Release: 4328-99 (96-Civ-2640)

For Release: October 25, 1999

COURT ORDERS AYM FINANCIAL CORPORATION AND ITS TWO PRINCIPALS, THOMAS M. PALEY AND ADAM S. JUECHTER, TO PAY RESTITUTION AND DISGORGEMENT TO SETTLE SUIT CHARGING FRAUDULENT SALE OF FOREIGN CURRENCY FUTURES CONTRACTS

Permanent Injunction Also Ordered Against Third Defendant, Marc Kronish

WASHINGTON The Commodity Futures Trading Commission (CFTC) announced today that the Honorable Herbert J. Hutton of the U.S. District Court for the Eastern District of Pennsylvania entered a consent order requiring AYM Financial Corporation (AYM) of Princeton, New Jersey, and its two principals, Thomas M. Paley of Warren, N.J., and Adam S. Juechter of Bridgewater, N.J., to pay $77,618 to investors in a foreign currency scheme.

The court also entered a consent order permanently enjoining Marc Kronish of Philadelphia, Pennsylvania, an employee of AYM, from, among other things, violating antifraud and registration provisions of the Commodity Exchange Act (CEA), and from violating the CEA's prohibition on the sale of futures contracts that are not transacted on or subject to the rules of a contract market designated by the CFTC.

The court's orders, entered on October 20, 1999, stem from an eleven-count civil injunctive action filed jointly by the CFTC and the Arizona Corporation Commission (see CFTC News Release 3898-96, April 2, 1996). The complaint alleged that, from at least March 1994 to February 20, 1996, the defendants cheated and defrauded customers, offered and sold illegal futures contracts on foreign currencies, converted customer funds, and bucketed customer orders. According to the complaint, through newspapers advertisements and mail solicitations, defendants touted extraordinary profits that investors were likely to achieve by trading foreign currency futures contracts through AYM offices in Philadelphia, Phoenix, and Houston. The defendants urged investors to open trading accounts in their own names and recruit family members and friends to open accounts with AYM. The complaint charged that instead of using all of the customer money to buy futures contracts in foreign currencies, defendants siphoned off funds to pay personal expenses, operating expenses, and salaries and commissions.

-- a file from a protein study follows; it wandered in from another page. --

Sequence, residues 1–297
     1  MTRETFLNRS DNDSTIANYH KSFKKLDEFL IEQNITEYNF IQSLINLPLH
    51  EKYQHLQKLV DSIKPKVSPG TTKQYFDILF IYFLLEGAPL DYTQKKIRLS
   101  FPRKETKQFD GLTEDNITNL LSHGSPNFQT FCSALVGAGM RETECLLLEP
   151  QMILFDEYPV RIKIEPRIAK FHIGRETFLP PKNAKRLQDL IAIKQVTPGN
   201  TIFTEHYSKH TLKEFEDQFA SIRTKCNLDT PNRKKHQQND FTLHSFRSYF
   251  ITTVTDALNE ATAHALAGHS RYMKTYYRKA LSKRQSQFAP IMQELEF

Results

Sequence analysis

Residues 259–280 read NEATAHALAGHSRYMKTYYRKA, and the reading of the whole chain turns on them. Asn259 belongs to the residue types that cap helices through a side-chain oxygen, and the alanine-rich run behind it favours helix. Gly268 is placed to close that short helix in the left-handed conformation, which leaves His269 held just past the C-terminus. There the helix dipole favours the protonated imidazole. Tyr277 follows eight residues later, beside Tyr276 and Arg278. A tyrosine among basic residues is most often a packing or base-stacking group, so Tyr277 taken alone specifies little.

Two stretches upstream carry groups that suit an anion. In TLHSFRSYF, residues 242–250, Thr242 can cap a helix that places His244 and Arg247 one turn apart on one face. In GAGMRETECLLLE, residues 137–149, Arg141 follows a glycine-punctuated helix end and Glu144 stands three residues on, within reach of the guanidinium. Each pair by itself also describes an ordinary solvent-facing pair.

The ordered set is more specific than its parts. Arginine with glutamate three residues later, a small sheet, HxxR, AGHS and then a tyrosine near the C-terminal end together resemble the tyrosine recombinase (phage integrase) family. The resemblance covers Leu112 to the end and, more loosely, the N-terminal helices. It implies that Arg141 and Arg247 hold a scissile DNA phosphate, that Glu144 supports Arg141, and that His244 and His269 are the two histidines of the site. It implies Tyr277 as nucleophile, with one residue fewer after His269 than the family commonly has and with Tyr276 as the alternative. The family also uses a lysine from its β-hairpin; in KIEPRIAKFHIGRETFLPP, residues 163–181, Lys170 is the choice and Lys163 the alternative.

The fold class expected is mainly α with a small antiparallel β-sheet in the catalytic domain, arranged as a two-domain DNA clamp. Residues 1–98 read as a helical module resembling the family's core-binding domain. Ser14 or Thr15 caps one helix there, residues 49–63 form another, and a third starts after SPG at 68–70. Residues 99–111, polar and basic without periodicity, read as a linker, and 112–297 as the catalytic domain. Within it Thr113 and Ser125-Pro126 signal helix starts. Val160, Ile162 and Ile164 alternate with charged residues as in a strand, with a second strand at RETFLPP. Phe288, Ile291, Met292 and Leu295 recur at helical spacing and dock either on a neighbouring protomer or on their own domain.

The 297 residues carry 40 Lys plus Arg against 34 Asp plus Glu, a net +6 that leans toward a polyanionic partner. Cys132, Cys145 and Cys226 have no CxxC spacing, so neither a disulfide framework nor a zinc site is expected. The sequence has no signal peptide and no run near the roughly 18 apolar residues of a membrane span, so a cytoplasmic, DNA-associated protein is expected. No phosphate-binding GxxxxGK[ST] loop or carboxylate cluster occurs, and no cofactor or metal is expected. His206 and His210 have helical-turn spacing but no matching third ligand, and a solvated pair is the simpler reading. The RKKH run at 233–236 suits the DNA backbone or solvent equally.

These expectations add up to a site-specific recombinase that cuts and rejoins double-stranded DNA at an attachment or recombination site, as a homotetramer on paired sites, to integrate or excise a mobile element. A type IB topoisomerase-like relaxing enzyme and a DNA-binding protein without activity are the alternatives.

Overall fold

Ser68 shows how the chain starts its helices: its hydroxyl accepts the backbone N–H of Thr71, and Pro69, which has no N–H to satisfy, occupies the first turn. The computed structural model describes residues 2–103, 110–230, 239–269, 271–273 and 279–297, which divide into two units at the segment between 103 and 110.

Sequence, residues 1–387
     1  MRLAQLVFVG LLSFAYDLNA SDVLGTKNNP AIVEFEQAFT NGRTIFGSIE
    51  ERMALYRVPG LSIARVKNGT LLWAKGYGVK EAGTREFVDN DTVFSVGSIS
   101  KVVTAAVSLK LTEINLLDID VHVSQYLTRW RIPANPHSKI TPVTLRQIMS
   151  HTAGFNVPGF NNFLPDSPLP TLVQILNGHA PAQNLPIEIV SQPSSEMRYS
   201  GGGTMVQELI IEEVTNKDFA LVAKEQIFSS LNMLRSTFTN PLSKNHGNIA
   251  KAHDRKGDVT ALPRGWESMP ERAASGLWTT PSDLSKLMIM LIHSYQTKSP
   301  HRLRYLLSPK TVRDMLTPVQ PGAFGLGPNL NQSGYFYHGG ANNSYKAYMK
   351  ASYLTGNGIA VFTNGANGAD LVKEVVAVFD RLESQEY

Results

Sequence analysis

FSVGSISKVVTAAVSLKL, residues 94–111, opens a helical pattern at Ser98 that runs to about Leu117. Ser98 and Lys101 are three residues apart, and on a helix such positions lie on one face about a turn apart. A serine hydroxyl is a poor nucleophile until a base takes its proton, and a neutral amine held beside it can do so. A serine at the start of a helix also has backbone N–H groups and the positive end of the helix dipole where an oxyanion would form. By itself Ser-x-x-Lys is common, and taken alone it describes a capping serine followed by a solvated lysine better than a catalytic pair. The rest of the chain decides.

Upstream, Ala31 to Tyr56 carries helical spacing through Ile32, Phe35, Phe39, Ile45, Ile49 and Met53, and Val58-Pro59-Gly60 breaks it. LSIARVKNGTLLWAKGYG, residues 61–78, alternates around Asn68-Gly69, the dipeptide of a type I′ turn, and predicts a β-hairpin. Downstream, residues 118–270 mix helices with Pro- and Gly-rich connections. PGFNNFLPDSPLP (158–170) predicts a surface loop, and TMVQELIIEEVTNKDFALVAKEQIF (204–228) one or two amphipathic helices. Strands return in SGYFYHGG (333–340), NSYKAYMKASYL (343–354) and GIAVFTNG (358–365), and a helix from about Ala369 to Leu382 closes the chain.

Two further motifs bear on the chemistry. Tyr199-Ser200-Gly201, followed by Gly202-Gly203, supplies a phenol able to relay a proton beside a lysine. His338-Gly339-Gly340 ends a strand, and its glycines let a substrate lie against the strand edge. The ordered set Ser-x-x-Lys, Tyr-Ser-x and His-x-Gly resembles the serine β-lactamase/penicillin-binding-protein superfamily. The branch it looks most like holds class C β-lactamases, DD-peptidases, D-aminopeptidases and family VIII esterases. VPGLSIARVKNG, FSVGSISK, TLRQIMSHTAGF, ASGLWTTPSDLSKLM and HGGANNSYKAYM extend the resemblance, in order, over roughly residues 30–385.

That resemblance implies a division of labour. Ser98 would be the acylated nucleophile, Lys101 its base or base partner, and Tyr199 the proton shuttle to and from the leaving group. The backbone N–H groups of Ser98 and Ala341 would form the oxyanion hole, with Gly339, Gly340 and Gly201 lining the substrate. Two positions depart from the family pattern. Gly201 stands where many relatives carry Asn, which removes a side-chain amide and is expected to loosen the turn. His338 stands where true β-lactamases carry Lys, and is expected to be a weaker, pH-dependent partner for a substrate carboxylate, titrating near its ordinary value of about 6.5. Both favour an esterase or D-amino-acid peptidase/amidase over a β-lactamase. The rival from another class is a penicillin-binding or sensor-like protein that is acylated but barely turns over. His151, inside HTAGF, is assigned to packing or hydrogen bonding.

The consent order against AYM, Paley, and Juechter requires them, jointly and severally, to disgorge and make restitution in the amount of $3 million to investors in AYM foreign currency trading accounts. However, based upon their financial circumstances, the court waived all but $77,618 of that amount. AYM, Paley, and Juechter had previously consented to permanent injunctions, prohibiting them from engaging in any business relating to the offer and sale of commodities and from violating the provisions of the CEA and Arizona law charged in the complaint. The permanent injunction issued against Kronish also orders him to pay restitution in the amount of $3 million, jointly and severally with the other defendants, but waives payment of that amount based on his financial circumstances.